To see the most efficient running form, you only need to look at athlete running the 100M. Long stride length, strong arm drive, forefoot landing, high cadence. But how many marathon runners do you see holding this form throughout 26.2 miles? This is a similar story for cycling. Yes we can maximise the recruitment of the upstroke, but not for prolonged periods or time. As the body fatigues it will revert to focusing on the downstroke to simply get us home in one piece.

For some individuals however, there may be enough recruitment of the hamstrings and hip flexors to increase power output by a notable amount, even when riding easy. However, it’s important to acknowledge that this isn’t free energy. It still requires oxygen and energy to contract that muscle, so we’re still paying a cost to recruit those muscles on the upstroke. As above, very useful if you are looking for higher power output in a short timeframe, but it’s going to be hard to keep all those muscles firing over the course of 100 miles.

So yes, there will be increased muscle activation, but it won’t contribute nearly as much as some people would have you think.

Improved Acceleration

This is probably the biggest benefit for me personally. When I’m clipped in, I know that I can accelerate hard out of a corner or up a hill without any fear of my feet flying off the pedal, and the aforementioned pedal slamming into my shin. While we may not be doing a huge amount of acceleration in triathlon, we still need to get up to speed coming out of corners and when passing competitors.

Learning improved pedalling mechanics

So as we’ve established, the upstroke probably doesn’t contribute much to the stroke mechanically, but using cleats will still help teach you a more efficient pedalling motion. Most people will have a very ‘stampy’ pedalling technique when they start riding, which cleats will help transform into a more efficient stroke, even in trainers. With cleats and an appropriate saddle height, it helps you push down through the whole of the downstroke, and backwards after you’ve finished pushing downwards. Imagine you’re scraping something off of the bottom of your shoe and this will help you recreate the correct motion.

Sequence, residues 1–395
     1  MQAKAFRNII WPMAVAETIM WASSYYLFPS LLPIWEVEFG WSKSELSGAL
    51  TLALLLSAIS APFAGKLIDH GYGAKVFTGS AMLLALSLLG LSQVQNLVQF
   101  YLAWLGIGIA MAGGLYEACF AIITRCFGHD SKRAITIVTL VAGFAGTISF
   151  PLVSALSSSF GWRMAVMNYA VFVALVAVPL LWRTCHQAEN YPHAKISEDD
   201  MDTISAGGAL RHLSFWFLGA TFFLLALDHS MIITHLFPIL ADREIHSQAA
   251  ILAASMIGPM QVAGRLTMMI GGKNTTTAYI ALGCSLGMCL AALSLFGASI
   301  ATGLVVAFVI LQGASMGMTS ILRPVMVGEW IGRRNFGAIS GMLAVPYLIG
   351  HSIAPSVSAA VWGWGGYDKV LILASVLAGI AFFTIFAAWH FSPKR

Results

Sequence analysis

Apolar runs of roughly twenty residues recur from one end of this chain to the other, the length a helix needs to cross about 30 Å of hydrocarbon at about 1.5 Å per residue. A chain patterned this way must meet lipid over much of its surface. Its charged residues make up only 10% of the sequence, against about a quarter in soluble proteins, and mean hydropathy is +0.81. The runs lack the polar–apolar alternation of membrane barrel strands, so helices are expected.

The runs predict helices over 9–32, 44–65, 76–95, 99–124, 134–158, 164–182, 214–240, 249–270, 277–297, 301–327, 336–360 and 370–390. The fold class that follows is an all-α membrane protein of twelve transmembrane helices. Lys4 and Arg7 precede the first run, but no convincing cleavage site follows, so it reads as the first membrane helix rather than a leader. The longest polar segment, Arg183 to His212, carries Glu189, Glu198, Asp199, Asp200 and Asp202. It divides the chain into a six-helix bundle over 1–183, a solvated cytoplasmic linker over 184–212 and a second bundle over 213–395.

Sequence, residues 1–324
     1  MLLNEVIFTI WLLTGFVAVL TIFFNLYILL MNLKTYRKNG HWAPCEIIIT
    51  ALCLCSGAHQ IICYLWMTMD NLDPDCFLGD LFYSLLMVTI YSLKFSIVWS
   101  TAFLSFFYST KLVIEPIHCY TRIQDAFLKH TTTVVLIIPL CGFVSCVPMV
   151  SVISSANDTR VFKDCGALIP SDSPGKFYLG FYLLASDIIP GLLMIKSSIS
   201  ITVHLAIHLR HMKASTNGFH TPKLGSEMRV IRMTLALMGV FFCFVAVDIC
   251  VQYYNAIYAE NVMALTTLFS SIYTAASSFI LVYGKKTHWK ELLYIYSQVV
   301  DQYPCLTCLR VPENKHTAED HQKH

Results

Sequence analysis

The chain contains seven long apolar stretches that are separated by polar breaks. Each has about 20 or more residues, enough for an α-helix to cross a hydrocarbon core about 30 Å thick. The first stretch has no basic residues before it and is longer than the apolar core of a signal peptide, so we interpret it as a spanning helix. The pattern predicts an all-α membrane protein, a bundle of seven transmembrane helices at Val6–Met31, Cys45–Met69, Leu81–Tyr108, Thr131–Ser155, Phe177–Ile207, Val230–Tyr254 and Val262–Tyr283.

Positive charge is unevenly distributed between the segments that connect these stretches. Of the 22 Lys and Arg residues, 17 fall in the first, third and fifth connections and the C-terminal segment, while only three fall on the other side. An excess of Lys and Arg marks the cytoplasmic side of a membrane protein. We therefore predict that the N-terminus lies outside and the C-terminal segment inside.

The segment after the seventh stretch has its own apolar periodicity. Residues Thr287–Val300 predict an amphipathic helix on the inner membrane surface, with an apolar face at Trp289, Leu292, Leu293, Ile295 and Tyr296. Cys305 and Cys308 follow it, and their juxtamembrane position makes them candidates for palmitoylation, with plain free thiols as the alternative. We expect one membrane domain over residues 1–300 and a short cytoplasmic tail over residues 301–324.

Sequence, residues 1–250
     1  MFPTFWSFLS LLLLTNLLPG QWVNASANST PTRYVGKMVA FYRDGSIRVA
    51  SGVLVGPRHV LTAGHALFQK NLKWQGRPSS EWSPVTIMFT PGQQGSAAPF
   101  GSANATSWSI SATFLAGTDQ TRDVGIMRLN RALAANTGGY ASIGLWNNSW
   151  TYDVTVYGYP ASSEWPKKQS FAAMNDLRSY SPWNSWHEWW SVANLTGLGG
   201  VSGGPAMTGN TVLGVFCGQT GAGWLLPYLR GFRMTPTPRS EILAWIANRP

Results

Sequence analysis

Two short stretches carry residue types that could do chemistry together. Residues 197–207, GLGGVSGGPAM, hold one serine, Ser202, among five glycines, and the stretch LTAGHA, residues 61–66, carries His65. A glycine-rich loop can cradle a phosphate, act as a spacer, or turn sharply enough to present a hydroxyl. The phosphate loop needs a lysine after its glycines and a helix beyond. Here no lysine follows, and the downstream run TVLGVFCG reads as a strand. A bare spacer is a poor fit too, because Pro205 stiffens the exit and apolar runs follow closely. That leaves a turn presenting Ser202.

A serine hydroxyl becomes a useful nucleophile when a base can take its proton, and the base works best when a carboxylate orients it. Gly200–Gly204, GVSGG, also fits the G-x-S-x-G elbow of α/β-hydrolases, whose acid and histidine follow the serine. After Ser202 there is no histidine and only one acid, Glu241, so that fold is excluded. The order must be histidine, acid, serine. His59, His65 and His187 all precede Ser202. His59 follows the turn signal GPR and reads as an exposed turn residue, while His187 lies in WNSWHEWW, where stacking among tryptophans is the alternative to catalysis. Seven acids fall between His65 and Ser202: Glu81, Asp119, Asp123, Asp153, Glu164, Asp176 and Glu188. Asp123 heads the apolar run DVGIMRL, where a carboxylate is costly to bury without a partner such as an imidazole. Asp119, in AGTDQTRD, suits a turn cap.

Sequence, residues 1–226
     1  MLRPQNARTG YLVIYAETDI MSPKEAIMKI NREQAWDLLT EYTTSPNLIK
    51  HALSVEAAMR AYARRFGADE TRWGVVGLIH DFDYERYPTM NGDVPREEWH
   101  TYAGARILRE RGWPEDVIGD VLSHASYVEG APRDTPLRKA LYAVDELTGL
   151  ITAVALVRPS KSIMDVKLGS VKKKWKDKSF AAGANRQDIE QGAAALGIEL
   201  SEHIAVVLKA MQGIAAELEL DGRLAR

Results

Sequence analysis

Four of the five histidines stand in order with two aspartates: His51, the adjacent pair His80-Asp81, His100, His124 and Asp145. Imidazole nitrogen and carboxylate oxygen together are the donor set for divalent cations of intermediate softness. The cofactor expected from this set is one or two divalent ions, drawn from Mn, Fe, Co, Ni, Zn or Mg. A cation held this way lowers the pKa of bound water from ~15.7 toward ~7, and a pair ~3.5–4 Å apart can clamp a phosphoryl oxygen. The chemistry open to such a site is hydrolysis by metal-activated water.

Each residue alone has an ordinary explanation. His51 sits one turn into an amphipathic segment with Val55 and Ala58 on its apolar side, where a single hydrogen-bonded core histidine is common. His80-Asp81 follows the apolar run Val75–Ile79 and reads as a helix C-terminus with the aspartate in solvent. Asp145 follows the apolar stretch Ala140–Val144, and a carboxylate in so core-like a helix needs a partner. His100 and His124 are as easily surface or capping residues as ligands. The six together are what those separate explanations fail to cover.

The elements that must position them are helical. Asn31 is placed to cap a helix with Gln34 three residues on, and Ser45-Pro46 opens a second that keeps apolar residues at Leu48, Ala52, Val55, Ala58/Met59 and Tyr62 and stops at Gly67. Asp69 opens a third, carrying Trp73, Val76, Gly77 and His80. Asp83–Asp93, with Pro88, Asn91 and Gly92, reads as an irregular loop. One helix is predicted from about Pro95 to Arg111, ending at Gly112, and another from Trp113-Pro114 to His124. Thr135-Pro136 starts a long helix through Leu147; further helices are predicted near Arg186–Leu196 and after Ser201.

Even when you’re not riding in cleats (I ride short distances in my trainers on top of clipless pedals all the time), you will carry that same pedalling motion over. You will obviously lack any form of upstroke, but from 12 O’clock to 7 O’clock you will be contributing something, where as before you may only have contributed power until around the 4-5 O’clock position.

Reduced risk of knee issues

If your cleats are setup correctly (I recommend everyone gets a bike fit), they lock your knees into what should be a safe position. This reduces the chance of your feet pointing out to the sides as you ride, which places extra strain through your knee. You should still have a degree of float in your cleats in almost every scenario in my opinion, but it should reduce your chances of picking up injuries.

Ability to ride at a higher cadence

Many of us will have memories of pedalling so fast that our feet come off of our pedals. Being locked into the pedal allows for a higher cadence without risk of this happening. Can you imagine a sprint to the line in a professional bike race with the risk of someone’s feet flying off the pedals?